Hospital stays for vulnerable Covid patients are getting shorter in major boost for NHS amid isolation-induced struggle

HOSPITAL stays for vulnerable Covid patients are getting shorter in a major boost to the NHS amid an isolation-induced struggle, new data suggests.

In all age categories, data shows people with coronavirus are spending fewer days on a ward thanks to the UK's successful vaccine rollout and the mildness of the prevalent Omciron variant.


It comes as good new for the NHS, which has been struggling with staff shortages as calls for the isolation period to be slashed from seven to five days grow.

A string of hugely positive studies show Omicron IS milder than other strains, with the first official UK report revealing the risk of hospitalisation is 50 to 70 per cent lower than with Delta.

Covid booster jabs protect against Omicron and offer the best chance to get through the pandemic, health officials have repeatedly said.

The Sun's Jabs Army campaign is helping get the vital extra vaccines in Brits' arms to ward off the need for any new restrictions.

During the third wave of Covid last May, those aged over 80 were usually spending 11 days in hospital – but since December they have typically been discharged after just five days, figures show.

And those aged between 50 and 79 were generally hospitalised for up to eight days, but this is now down to five days according to new data.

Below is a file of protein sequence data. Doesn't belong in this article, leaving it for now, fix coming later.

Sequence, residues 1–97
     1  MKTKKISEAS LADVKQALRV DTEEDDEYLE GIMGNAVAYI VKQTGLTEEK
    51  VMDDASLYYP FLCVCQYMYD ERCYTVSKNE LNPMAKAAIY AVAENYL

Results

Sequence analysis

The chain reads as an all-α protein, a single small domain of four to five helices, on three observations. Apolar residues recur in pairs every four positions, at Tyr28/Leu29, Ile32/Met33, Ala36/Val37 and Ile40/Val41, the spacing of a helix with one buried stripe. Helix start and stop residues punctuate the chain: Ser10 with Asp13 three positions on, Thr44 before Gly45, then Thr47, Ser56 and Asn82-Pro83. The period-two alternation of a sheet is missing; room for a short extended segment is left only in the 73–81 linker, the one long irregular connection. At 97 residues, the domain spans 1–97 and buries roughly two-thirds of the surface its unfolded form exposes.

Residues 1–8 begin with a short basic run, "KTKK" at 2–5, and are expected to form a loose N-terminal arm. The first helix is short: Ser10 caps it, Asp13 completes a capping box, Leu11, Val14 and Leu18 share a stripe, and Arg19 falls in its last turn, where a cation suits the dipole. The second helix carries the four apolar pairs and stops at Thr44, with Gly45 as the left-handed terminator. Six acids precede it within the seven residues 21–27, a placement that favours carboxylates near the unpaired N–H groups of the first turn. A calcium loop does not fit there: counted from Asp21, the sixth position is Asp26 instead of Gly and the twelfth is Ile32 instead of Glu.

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Those under 50 are now on average requiring a hospital bed for just three days – down for four during the third wave.

Government advisors say this reduces the risk of hospitals being overwhelmed and halving the duration of hospital stays effectively doubles capacity of beds.

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The positive figures come after it was reported a total of 24 hospital trusts on Wednesday declared critical incidents as pressure mounts on Boris Johnson to slash the length of Covid isolation.

With the mild Omicron variant spreading, the seven-day isolation period is causing a staff shortage at hospitals – amid demands for it to be cut to five days.

Data shows 90 per cent of Covid patients in ICU still haven’t had their life-saving booster jab, despite the shots protecting against Omicron and offering the best chance to get through the pandemic, health officials have repeatedly said.

The current NHS worker shortage has sparked renewed calls to slash isolation for people who test positive for the virus from seven to five days to get healthy and much-needed healthcare staff back to work.

Currently, confirmed cases are forced to stay at home for at least a week, down from 10 days before Christmas.

Tory MPs are among a legion of voices demanding the quarantine period be cut after soldiers were put on standby to plug the absence of critical workers.

But it is now hoped Britain may follow the US and slash isolation requirements to five days to keep the nation moving.

On Thursday, the UK's daily Covid cases fell for the second day in a row as 179,756 new infections were logged.

While the figures are still high the drop is a promising sign – especially after record numbers of over 200,000 earlier in the week.

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